The Hexblade subclass for the Warlock allows you to get a critical hit on a 19-20 against any target that is currently cursed by your Hexblade’s Curse feature.

And the Assassin Subclass for the Rogue allows the Rogue to make any attack they hit against a surprised enemy into a critical (which works especially well with the Rogue’s sneak attack feature).

What is a critical miss 5e?

DnD 5e is all about balance. For every critical hit, there must be a critical miss. A critical miss happens only when you roll a natural one on a d20 (rolled without modifiers). There’s always a flat 5% chance of a critical miss.

Critical misses are different from critical hits. There are a few ways to expand the percentage of rolls that are critical hits, but nothing in DnD 5e makes a critical miss more likely except for when you roll with disadvantage. You can never roll a critical miss on a natural 2.

Another way in which critical misses differ from critical hits is that they don’t add any other penalties other than missing your attack. Critical hits increase your damage, critical misses just miss. At least, according to the rules nothing else happens. 

Like the table above, some people like to add a homebrew rule that adds an additional effect on a critical miss. Sometimes these effects include damaging yourself or allies with your weapon, dropping your weapon, or falling prone. 

However, including these kinds of effects on critical misses tends to have the slightly ridiculous effect of having characters who are ostensibly masters of their weapons have a 5% chance of being incompetent.

This is made worse when you consider that the more attacks a character has, the more likely they are to get a critical miss. 

That’s why I recommend including some additional rolls to make the chances of such fumbles much lower than 5%, if you include them at all.

Do crits always hit 5e?

According to the basic rules above, a critical hit occurs when you roll a natural 20. Such a roll automatically hits its target, regardless of AC.

You could have a negative attack modifier and be assaulting a high level Monk or Fighter in full plate armor, but you would still have exactly a 5% chance of hitting them.

This of course begs the question, if you can make a critical hit on a 19, such as with the Champion Fighter’s Improved Critical feature, does that mean a roll or 19 or 20 is an automatic success?


There is a subtle distinction between the automatic hit feature of a natural 20 on an attack roll and the double damage feature of a critical hit. While these features usually coincide, they don’t always.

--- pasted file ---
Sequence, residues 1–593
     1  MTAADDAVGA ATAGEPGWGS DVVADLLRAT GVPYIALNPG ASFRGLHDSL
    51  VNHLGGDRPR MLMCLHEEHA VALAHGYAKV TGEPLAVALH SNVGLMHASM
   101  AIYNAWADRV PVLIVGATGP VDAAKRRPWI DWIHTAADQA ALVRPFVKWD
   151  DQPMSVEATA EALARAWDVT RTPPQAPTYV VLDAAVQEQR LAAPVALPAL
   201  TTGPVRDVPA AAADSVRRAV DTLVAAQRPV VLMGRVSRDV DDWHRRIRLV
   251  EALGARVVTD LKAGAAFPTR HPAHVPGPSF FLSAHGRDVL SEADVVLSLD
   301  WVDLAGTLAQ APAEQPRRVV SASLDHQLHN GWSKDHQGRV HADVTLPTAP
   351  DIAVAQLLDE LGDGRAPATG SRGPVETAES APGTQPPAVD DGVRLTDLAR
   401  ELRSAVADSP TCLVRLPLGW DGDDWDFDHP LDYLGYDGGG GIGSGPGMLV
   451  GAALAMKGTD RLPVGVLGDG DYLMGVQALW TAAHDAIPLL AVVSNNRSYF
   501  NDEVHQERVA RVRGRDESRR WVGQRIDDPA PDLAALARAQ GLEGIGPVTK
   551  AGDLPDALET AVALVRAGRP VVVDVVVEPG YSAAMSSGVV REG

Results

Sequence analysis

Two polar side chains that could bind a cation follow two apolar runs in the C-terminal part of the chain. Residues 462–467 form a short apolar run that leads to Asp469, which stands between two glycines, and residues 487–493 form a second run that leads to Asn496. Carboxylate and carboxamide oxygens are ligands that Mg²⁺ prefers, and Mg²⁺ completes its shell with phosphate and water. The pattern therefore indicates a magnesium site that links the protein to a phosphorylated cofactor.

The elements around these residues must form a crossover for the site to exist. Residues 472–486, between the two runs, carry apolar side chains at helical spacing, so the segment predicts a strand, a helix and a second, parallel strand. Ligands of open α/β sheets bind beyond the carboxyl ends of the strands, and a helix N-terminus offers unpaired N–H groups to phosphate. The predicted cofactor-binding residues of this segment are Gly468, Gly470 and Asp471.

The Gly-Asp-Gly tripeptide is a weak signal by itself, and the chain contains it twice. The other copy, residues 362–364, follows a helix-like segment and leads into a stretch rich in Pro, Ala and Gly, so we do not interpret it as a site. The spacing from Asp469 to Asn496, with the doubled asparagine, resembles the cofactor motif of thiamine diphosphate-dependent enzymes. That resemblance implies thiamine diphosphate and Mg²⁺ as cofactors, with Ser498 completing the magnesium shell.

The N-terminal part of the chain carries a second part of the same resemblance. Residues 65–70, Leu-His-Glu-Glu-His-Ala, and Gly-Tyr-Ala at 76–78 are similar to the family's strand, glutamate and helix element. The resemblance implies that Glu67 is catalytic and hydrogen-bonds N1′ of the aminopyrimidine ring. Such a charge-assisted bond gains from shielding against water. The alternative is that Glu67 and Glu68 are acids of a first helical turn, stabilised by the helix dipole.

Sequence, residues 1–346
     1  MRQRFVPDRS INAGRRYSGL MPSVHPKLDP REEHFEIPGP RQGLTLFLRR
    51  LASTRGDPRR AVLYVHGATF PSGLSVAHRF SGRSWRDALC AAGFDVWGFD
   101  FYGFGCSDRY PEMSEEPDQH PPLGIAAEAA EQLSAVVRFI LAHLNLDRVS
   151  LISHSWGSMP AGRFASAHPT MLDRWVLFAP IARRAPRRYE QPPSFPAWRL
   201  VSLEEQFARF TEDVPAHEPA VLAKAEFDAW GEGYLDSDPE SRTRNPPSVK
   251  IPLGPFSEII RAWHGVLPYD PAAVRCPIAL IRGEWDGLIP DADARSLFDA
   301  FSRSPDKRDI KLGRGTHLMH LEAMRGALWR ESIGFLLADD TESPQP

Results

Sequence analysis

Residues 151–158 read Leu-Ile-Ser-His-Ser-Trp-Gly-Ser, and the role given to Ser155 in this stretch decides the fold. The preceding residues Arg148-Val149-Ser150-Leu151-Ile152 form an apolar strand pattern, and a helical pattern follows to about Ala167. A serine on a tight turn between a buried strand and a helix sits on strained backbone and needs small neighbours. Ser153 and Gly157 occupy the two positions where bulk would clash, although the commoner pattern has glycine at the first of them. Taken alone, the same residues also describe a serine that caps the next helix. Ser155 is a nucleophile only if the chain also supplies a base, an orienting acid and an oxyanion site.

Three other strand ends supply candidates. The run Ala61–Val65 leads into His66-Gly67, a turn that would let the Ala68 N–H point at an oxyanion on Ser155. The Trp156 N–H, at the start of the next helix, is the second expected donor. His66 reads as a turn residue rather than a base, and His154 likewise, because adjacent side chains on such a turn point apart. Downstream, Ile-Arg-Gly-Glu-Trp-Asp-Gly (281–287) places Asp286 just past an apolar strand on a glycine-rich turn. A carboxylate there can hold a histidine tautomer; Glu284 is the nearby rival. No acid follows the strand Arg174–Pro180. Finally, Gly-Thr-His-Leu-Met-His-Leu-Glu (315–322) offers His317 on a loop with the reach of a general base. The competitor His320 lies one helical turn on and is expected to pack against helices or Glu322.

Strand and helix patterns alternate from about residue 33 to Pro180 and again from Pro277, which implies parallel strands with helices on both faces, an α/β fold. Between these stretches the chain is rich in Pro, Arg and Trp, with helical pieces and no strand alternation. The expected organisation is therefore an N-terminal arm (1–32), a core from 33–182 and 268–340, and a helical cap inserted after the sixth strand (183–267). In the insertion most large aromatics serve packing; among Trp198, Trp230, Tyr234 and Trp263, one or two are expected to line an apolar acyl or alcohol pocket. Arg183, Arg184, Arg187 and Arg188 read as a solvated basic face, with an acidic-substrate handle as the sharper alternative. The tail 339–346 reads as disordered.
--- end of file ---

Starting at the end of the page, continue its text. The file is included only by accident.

No roll other than a natural 20 is guaranteed to hit your target. This is because the designers of DnD wanted to keep the chances of that automatic success at exactly 5%. 

There is only a single way in the entire game to change that chance, and that is by gaining advantage. If you gain advantage on your attack you can roll 2d20s and pick the better option. With advantage your chances of rolling a natural 20 go up from 5% to 9.8%. 

However, according to the official rules you cannot have “double advantage”. That is to say, if you have more than one source of advantage (if you are invisible and the target is prone for example), you still only get to roll 2d20, not 3d20.

Personally, I think that adding a homebrew that allows stacking advantage can be fun. With enough sources, you can raise the chances of getting a natural 20 much higher than the base 5%, especially if you can add inspiration too. 

Does a critical hit double sneak attack damage?

A common question about critical hits is which damage dice get doubled. This can come from new players, but also often comes from those who are used to the 3.5/Pathfinder system.

In that system, critical hits double the number of base weapon damage dice and all modifiers (which could get massive!) but no other dice involved in the damage roll. 

DnD 5e is different however. Modifiers are never doubled, but in exchange all damage dice directly connected to the roll are. Sneak attack damage dice are always doubled, so are Smite damage dice, and any additional damage dice that come from spells like Booming Blade.

Extra dice that come from your weapon, such as fire damage from a Flaming blade, is also doubled. 

However, there are a few sources of damage dice that are not doubled that you should look out for.

Sometimes, an effect or weapon ability will trigger only when a critical hit is achieved adding some damage dice to your pool.

When an ability says something like “When this weapon scores a critical hit it does an additional 1d4 force damage”, that means that the added 1d4 is not doubled by a critical.

That is because the damage is not part of the attack, it is only triggered by a quality of the attack. 

The other instance where damage dice are not doubled is if there is a separate factor causing damage on the attack. The most common of these is when you add poison to your blade.

A poison that deals 1d6 damage on its own will never double on a critical hit. It makes sense; a critical hit is like managing to score your attack against a vital area.

Poison is pretty much poison whether it enters through a scrape or a stab.


DnD 5e criticals can be a bit confusing at first, especially if you are used to playing other versions of DnD like 3.5 or Pathfinder. What dice get doubled, and when is not always clear. Plus getting out of the habit of having to confirm critical hits can be tough. 

Still, a solid understanding of critical hits can let you stack damage with additional damage bonuses like smites or certain spells. And it’s important to know how criticals can force you to fail additional death saving throws, otherwise you may find yourself in a “sudden death” situation! 

With this guide, you will be an expert on how to use criticals to your advantage!